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Bernie Sanders, Brexit and Donald Trump surprised us all by rising from "unthinkable" to "game-changer" within the past year. Suddenly, a socialist became a plausible presidential nominee, Britain withdrew from Europe and a lineup of establishment Republicans was beaten by a political outsider. An anti-establishment populist revolution appears to be sweeping the U.S. and Britain. What's going on?

An article by Professor Stephen Walt of Harvard's JFK School of Government, published July 24 in the Northwest Arkansas Democrat-Gazette, provides insight. Walt says voters are fed up with establishment leaders who make huge mistakes but aren't held accountable. George Bush, followed by Britain's all-too-obedient Tony Blair, made an enormous blunder in 2003 by invading Iraq. Many years too late, Britain has finally officially investigated and thoroughly condemned Blair's role. Bush's decisions, however, have escaped scrutiny.

The Bush administration prevented serious investigation, by the commission appointed to determine responsibility, of the 9/11 attacks. Did Saudi Arabia, an important U.S. ally, finance the attacks? Could we have thwarted that support?

The same thing happened following revelations of U.S. torture of prisoners at Abu Ghraib prison in Iraq. As a child during World War II, I thought only other nations tortured prisoners. After Abu Ghraib, my country was among those who tortured their fellow humans. Many Americans would like to know who was responsible, yet the U.S. Army's report on this was, according to the New York Times, a "300-page whitewash."

Following the 2008 financial crisis, hardly anybody on Wall Street was held accountable despite the obvious deception and fraud that helped cause the collapse.

In Iraq and Afghanistan, U.S. commanders continue issuing rosy prophesies of light at the end of both these tunnels, yet President Obama announced we will keep more than 8,000 troops in Afghanistan, and the war in Iraq grinds on, aided by 4,000 U.S. troops. Nobody seems to be accountable for these endless wars.

Walt's concern is well-taken, but there's more than that to the populist revolution. It seems to me political correctness has dominated some crucial issues, and that people are frustrated by the absence of open, direct discussion. Two such issues are religion and immigration.

Religion -- the belief in supernatural controlling powers or gods -- is absolutely central to most important world events, especially chaos in the Mideast, worldwide terrorism and U.S. politics. Religion imposes a superstitious medieval belief system upon a world dominated by its opposite, namely scientific knowledge and powerful technologies.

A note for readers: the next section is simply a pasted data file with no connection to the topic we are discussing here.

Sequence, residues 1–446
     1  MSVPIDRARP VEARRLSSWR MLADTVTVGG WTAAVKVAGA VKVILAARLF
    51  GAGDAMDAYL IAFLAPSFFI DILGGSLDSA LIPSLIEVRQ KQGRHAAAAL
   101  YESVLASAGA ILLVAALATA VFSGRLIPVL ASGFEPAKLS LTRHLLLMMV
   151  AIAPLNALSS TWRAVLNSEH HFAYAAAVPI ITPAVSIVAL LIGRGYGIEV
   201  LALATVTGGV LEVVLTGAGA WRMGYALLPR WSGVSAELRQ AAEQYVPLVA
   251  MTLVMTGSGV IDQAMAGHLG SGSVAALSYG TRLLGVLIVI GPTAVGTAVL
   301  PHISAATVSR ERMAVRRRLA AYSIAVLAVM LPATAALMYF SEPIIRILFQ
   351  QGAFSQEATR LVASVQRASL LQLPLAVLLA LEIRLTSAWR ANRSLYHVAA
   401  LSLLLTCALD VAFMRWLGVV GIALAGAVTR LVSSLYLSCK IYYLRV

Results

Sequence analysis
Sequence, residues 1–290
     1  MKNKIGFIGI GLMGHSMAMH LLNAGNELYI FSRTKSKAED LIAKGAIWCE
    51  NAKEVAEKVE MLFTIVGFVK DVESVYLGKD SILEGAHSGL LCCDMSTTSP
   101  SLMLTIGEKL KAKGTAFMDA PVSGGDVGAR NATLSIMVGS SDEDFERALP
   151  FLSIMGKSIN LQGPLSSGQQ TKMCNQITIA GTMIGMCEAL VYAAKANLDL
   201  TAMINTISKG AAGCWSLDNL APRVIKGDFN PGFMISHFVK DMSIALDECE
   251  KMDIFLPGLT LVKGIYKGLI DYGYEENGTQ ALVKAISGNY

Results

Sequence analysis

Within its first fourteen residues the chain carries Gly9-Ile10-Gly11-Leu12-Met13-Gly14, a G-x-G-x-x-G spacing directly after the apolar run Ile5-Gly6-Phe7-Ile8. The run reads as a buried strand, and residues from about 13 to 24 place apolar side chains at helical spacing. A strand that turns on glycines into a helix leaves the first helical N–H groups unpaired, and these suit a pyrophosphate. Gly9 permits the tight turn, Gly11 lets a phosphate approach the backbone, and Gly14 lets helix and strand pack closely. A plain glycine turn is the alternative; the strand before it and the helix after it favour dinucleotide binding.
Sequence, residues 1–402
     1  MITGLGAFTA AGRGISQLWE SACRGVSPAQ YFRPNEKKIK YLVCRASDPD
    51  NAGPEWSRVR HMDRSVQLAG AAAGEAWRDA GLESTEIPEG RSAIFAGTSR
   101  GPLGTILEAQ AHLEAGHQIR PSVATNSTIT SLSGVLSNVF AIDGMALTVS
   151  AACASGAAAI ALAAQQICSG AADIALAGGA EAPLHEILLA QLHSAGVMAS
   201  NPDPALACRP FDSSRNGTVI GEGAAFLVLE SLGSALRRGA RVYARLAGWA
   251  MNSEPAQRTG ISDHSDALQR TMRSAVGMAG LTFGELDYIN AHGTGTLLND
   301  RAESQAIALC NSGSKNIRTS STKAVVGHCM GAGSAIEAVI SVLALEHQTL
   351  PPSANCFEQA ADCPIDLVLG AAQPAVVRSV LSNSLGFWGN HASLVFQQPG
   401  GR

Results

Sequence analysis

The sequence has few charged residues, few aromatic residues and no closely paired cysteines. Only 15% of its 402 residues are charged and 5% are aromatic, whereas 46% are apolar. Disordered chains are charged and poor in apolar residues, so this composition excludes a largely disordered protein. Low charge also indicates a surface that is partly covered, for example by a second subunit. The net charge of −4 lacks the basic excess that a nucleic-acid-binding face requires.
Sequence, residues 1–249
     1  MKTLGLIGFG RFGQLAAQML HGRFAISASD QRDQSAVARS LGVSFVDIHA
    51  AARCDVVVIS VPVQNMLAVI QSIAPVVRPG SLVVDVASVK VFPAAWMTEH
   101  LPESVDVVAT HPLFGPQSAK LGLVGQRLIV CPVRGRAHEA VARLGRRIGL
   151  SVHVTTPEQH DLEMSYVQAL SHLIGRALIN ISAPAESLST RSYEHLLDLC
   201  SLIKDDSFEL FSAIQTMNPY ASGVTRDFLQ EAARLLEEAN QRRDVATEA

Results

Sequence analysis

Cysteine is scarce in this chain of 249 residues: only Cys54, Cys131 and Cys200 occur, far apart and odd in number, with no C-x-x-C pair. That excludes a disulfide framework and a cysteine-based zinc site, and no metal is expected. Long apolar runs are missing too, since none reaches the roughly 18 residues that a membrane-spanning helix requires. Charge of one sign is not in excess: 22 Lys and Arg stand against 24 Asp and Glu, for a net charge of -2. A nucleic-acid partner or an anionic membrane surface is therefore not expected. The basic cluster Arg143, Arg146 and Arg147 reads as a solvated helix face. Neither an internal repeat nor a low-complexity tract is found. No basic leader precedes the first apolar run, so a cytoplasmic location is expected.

This contradictory mix is destroying the Mideast, and threatens to consume America and Europe in the melee. We must talk openly and honestly about it. Based on the evidence, democratic government appears impossible in nations subscribing to extreme Islam. We make a huge mistake when we assume otherwise, as in our attempts to overthrow dictators in Iraq, Syria, Libya and elsewhere.

Moderate religion does much social good, despite suggesting harmful impossibilities such as people arising from the dead. But extreme Islam, orthodox Judaism and fundamentalist Christianity do enormous damage by contradicting much of what we know about the world, and acting on their fantasies.

Our wide divide over immigration makes rational discussion nearly impossible, so that emotion becomes the controlling factor. Those who are anti-immigration must recognize that people fleeing Mexico for the U.S., and fleeing Syria for Europe are overwhelmingly admirable individuals who are only seeking a decent life. At the same time, those who are pro-immigration must recognize that immigrants present very real problems for their host countries, that beyond a reasonable limit immigration does more harm than good by, for example, depriving the home countries of the very people capable of fixing things.

That reasonable limit is the number of people per year who can be integrated into the language, economy and culture of the host nation. The key word here is "integrated." Certainly illegal immigrants are not integrated, and not healthy for any nation. But a wall is unnecessary and would be ineffective. Liberals and conservatives need to instead join in discussing an identification system that would remove all economic incentives by ending employment of illegal immigrants.

It would be far healthier if our 11 million illegal immigrant residents were legalized, provided we fully integrate them, but citizens have a right to expect that effective means of stopping further illegal immigration will be in place as a required condition for that legalization.

We must approach our social problems with less political correctness, bias and emotion, and with greater openness, honesty, knowledge and rationality, asking what actually works rather than what merely feels good.

Commentary on 08/16/2016

Print Headline: The populist revolution

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